Do You Have an Emergency Plan for Your Cat?

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Floppycats reader, Jerri, was telling me recently through email that she ordered a pet carrier for her Denali because she was organizing her Emergency Plan for her kitties.  Here’s what she said:

“I had two carriers, for Dusty and Stormy but never got another one when I got Denali because I didn’t think I’d ever have occasion for all three of them to travel together.  Well, we’ve been having some wildfires over here, and the news was talking about how people had to evacuate in a hurry.  Some left their pets behind (which I would never do no matter what) but it got me thinking about an emergency plan for the cats.  The first thing I needed was three carriers!  If I had to load up the car and leave, they’d each need their own.  Then I figured I’d need a tote with some food, bowls, copies of vet records, water, disposable litter box, etc that I could grab in a hurry.  This could also serve as an emergency kit even if we didn’t have to leave, but had a natural disaster such as an earthquake.”

So, this begs the question, “Do you have an emergency plan for your kitties?”  If so, what is it?  Tell us about it in the comments below so we can all share ideas!

Comments (14)

  1. I don’t necessarily have a set plan, but I occasionally travel with my cats so I already have carriers with seatbelt straps and a tote(baby bag!) with all their essentials ready to go: Treats, toys, towels, vet records, food, dishes, 1L water, saline (eye rinse), UTI drops, Bach’s Pet Rescue (stress relieving drops), nail clippers, cat wipes, light up blinkers to attach to collars if they’re out in the evening, harnesses with a bright green tether, and lists of nearby vets for places we often travel to. The bag is kept in my walk in closet/laundry room so I don’t have to buy doubles to keep things within reach at home too. I also have 2 (human) first aid kits in my car, so one can fit in the tote as well if need be.
    Writing this out might make me sound over prepared and paranoid but I don’t like being without.
    You mention a disposable litter box- I might think about getting one but I have a ton of litter boxes so it wouldn’t be hard for me to just grab one in a pinch.

  2. I have a carrier handy at all times. I live in a high-rise condo and a few years ago there was a fairly significant building fire in a condo 6 floors directly beneath me. I got Lucy in her carrier in record time and covered it with a bath towel to evacuate her through the smoke (worked very well — she did not have a whiff of smoke aroma in her fur afterwards). All’s well that ends well — we were back at home within a few hours, but I do keep a small stash of necessities for her and me in a backpack in case of the need to evacuate more than a few hours.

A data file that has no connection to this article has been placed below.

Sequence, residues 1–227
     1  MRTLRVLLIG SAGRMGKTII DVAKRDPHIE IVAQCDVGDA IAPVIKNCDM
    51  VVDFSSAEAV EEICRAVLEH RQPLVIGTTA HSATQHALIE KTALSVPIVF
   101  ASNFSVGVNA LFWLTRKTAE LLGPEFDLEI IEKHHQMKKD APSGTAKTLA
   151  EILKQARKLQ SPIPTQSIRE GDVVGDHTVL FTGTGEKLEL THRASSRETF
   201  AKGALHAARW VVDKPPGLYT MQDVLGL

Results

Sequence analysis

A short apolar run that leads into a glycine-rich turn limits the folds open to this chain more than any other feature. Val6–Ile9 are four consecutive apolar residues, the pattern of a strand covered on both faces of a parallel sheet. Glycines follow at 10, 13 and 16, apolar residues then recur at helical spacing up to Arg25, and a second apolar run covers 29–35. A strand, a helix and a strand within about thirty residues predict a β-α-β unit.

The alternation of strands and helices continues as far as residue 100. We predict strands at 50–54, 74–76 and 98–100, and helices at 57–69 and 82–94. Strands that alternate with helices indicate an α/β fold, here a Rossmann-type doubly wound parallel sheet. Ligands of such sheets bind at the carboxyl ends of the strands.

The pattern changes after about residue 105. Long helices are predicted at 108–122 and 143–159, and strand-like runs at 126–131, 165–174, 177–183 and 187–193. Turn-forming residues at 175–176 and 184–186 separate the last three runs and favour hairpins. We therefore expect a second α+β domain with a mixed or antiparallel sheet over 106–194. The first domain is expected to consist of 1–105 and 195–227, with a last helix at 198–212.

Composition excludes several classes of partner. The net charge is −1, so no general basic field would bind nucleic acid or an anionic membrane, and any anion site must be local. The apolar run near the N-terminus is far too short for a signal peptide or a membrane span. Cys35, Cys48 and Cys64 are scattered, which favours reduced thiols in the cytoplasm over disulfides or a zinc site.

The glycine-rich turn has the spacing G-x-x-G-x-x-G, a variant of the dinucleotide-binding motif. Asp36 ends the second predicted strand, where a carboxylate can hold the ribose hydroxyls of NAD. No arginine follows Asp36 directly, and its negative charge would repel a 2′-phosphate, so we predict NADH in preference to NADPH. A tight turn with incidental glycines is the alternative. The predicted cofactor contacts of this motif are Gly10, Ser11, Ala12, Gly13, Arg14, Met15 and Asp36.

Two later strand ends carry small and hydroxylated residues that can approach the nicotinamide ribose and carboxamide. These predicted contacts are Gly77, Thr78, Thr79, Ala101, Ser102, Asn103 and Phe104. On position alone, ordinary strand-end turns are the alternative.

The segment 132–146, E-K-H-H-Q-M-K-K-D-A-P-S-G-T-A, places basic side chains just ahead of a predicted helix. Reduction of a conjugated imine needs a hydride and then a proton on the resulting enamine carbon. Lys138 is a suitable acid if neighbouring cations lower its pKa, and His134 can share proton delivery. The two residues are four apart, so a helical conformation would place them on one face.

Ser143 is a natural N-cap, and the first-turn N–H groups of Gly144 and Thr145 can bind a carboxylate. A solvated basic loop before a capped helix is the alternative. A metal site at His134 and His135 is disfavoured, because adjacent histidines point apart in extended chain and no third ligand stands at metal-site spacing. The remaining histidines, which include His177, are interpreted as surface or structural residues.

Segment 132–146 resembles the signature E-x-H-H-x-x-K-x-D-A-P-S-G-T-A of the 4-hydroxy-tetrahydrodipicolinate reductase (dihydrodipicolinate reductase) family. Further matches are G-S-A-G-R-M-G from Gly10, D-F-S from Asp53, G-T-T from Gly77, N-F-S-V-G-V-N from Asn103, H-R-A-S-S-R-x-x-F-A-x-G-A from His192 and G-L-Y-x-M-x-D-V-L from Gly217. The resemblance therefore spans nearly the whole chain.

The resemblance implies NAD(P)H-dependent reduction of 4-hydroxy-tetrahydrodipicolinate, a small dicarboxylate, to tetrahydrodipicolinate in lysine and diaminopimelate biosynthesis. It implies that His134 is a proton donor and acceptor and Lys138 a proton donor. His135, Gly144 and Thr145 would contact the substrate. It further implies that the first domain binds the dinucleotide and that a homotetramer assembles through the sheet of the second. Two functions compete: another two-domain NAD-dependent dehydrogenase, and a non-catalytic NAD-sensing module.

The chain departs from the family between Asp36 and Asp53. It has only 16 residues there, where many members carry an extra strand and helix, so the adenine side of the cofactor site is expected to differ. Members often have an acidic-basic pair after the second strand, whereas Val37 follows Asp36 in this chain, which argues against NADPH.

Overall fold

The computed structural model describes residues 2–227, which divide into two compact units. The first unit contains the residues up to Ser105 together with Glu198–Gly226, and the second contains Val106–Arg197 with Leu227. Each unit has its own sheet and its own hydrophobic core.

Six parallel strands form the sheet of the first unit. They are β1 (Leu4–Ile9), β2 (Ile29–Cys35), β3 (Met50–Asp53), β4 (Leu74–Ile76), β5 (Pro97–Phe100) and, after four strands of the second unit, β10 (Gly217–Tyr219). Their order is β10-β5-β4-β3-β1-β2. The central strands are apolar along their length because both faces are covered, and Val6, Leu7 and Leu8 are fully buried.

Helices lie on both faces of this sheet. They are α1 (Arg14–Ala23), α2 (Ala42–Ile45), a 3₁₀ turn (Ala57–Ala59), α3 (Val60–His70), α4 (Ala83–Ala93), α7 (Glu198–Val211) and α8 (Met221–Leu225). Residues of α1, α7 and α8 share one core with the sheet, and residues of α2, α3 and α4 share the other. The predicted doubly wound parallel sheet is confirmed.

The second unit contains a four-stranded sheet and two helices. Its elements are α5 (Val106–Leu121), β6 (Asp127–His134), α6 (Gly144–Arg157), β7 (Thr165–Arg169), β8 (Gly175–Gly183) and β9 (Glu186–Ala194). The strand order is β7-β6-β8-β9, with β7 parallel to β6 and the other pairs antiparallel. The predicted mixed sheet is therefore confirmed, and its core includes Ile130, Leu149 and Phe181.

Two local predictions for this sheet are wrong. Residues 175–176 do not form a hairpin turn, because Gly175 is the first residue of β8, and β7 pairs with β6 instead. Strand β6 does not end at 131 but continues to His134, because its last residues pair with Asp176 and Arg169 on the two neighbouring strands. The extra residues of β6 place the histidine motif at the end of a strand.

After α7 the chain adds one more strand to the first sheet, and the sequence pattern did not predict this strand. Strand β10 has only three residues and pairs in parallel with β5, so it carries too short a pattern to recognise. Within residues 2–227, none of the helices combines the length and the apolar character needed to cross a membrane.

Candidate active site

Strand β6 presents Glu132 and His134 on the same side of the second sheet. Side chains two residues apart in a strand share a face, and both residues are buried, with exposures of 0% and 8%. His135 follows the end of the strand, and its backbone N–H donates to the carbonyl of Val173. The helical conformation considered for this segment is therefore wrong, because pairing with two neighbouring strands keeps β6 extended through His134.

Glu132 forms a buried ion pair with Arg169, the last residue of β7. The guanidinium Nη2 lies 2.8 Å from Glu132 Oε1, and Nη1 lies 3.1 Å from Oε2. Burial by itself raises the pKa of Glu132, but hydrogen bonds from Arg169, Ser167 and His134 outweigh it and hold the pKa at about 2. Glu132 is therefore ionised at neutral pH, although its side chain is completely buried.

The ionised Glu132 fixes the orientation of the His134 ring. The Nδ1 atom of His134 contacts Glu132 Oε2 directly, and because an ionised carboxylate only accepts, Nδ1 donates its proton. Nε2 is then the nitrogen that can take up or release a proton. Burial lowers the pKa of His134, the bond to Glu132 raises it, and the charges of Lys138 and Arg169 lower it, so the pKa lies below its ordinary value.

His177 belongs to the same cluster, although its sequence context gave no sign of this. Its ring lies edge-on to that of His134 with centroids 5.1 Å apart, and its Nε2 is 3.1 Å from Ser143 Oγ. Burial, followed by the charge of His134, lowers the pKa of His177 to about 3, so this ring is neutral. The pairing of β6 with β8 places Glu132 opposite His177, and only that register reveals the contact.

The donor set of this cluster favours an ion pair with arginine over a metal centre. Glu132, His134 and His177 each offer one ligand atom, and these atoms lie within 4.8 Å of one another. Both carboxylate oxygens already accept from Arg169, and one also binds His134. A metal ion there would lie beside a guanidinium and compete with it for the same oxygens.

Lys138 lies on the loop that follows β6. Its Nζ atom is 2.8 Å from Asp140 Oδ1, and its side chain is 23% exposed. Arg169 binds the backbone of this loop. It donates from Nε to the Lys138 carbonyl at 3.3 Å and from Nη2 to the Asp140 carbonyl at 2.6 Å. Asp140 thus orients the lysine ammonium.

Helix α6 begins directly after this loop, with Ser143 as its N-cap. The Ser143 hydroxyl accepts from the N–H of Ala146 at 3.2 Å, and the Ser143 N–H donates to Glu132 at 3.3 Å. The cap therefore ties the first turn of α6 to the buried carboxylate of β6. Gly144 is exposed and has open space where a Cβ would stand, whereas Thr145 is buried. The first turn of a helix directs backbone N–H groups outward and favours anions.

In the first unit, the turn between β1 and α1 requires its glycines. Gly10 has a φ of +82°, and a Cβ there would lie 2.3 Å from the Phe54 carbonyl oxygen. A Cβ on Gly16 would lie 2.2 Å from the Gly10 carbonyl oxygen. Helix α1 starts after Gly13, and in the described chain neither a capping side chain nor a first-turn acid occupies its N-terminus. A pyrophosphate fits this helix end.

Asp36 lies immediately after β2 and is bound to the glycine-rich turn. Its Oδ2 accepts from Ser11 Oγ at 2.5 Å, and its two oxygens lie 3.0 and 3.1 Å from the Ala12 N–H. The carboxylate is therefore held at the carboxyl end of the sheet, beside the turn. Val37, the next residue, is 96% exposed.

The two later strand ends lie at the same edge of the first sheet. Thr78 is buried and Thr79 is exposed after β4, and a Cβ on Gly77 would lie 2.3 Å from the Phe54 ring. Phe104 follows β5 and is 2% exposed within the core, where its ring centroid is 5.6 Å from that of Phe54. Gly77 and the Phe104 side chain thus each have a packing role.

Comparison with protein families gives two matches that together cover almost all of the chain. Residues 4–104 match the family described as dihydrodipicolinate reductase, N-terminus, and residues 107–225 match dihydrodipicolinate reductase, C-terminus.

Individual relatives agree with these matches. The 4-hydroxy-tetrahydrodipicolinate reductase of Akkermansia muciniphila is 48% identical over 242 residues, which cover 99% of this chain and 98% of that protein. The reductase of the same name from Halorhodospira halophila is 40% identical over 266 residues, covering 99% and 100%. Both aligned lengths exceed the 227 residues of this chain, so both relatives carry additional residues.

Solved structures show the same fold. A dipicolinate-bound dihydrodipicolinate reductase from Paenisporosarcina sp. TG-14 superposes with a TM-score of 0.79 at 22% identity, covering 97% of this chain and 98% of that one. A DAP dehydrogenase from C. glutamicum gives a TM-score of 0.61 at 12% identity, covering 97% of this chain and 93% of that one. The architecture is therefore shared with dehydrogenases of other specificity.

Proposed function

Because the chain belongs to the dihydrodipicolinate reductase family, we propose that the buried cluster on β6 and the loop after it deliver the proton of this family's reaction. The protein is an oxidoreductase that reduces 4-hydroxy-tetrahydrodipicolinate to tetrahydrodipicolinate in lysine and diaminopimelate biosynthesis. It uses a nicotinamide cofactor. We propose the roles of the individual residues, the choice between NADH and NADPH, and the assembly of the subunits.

3. I have extra pet food and enough carriers for all three pets. But the part of my emergency plan that gives me the greatest peace of mind is that my petsitter has a spare key so if anything happens while I’m at work and I am unable to get home for a day or more (a real possibility given the micro climate where I work) he could stop by. An emergency that happens while I’m at home is one thing – the thought of one happening that kept me from getting home is quite sobering! I read a book (Homer’s Odyssey by Gwen Cooper) about a woman living in NYC during 9/11 whose cats were stranded for several days with no food or water and it made quite an impression!

      1. I thought I was the only one who didn’t leave the dryer on – or the dishwasher running for that matter when I’m not home!

      2. There is a risk of flooding! It’s happened to me once but luckily I was home and could turn the dishwasher off before the water leaked too much.

      3. Exactly what Laura said – I have nightmares of the dishwasher flooding! It’s never happened, but I’d rather be here to deal with it than come home to water everywhere!

  4. I got a huge duffle bag at the PET expo last year. Red with a big white cross on it. It’s stocked with gauze pads, dishes, food, water, tape, ace wraps. I’ve rotated the food, water, updated the bandaids, added an O2 mask (for animals), medical records, contact info for me, harnesses, leashes, photos of my cats, even a cell phone for emergencies (with a battery charger that runs on AA batteries), ice bags, and baggies (for trash, litter, etc).
    It’s right by the front door, unless I’m at a cat show. Then it’s with me. I should get a second one for the car/truck so I can leave one at home for the animals who don’t show.
    My sons are all familiar with the contents and their use, so in case of emergency, my humans don’t panic!
    Yesterday, while we were having our earthquake, my sons ran a drill of gathering all the cats and evacuating them. If readers DO take the initiative to get a kit, they really need to practice using it. (Of course, you know I’m a RN). BTW, my sons also are certified in CPR for humans and pets. I personally have never had to do CPR on an animal, but several of my RN friends have! They were more upset after that than they ever were with a human. (Probably because we do humans every day)

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